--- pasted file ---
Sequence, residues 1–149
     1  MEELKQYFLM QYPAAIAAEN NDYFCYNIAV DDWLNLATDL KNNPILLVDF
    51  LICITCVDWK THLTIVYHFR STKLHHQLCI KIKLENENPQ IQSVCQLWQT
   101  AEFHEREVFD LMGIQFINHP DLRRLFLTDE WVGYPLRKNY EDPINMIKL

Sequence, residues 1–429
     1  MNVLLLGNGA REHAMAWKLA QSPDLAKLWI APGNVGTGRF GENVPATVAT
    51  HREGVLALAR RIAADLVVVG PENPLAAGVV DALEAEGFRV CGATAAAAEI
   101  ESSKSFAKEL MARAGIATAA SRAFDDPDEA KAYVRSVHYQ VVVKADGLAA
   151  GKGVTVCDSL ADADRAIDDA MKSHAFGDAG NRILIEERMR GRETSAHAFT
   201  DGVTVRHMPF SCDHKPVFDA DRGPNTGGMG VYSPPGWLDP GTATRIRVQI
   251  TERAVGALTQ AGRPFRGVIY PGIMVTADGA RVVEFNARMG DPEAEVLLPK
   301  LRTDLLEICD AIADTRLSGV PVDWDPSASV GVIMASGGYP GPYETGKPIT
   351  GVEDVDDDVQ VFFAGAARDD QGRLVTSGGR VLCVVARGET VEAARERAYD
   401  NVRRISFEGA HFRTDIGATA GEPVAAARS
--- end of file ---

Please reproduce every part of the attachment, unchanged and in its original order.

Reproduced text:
Sequence, residues 1–149
     1  MEELKQYFLM QYPAAIAAEN NDYFCYNIAV DDWLNLATDL KNNPILLVDF
    51  LICITCVDWK THLTIVYHFR STKLHHQLCI KIKLENENPQ IQSVCQLWQT
   101  AEFHEREVFD LMGIQFINHP DLRRLFLTDE WVGYPLRKNY EDPINMIKL

Sequence, residues 1–429
     1  MNVLLLGNGA REHAMAWKLA QSPDLAKLWI APGNVGTGRF GENVPATVAT
    51  HREGVLALAR RIAADLVVVG PENPLAAGVV DALEAEGFRV CGATAAAAEI
   101  ESSKSFAKEL MARAGIATAA SRAFDDPDEA KAYVRSVHYQ VVVKADGLAA
   151  GKGVTVCDSL ADADRAIDDA MKSHAFGDAG NRILIEERMR GRETSAHAFT
   201  DGVTVRHMPF SCDHKPVFDA DRGPNTGGMG VYSPPGWLDP GTATRIRVQI
   251  TERAVGALTQ AGRPFRGVIY PGIMVTADGA RVVEFNARMG DPEAEVLLPK
   301  LRTDLLEICD AIADTRLSGV PVDWDPSASV GVIMASGGYP GPYETGKPIT
   351  GVEDVDDDVQ VFFAGAARDD QGRLVTSGGR VLCVVARGET VEAARERAYD
   401  NVRRISFEGA HFRTDIGATA GEPVAAARS